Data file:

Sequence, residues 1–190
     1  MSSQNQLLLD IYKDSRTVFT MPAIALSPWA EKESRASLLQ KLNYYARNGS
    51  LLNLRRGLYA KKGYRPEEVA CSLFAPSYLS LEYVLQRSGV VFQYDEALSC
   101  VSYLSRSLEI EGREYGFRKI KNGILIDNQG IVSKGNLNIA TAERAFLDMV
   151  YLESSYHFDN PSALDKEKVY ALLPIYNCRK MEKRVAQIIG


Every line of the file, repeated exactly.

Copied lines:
Sequence, residues 1–190
     1  MSSQNQLLLD IYKDSRTVFT MPAIALSPWA EKESRASLLQ KLNYYARNGS
    51  LLNLRRGLYA KKGYRPEEVA CSLFAPSYLS LEYVLQRSGV VFQYDEALSC
   101  VSYLSRSLEI EGREYGFRKI KNGILIDNQG IVSKGNLNIA TAERAFLDMV
   151  YLESSYHFDN PSALDKEKVY ALLPIYNCRK MEKRVAQIIG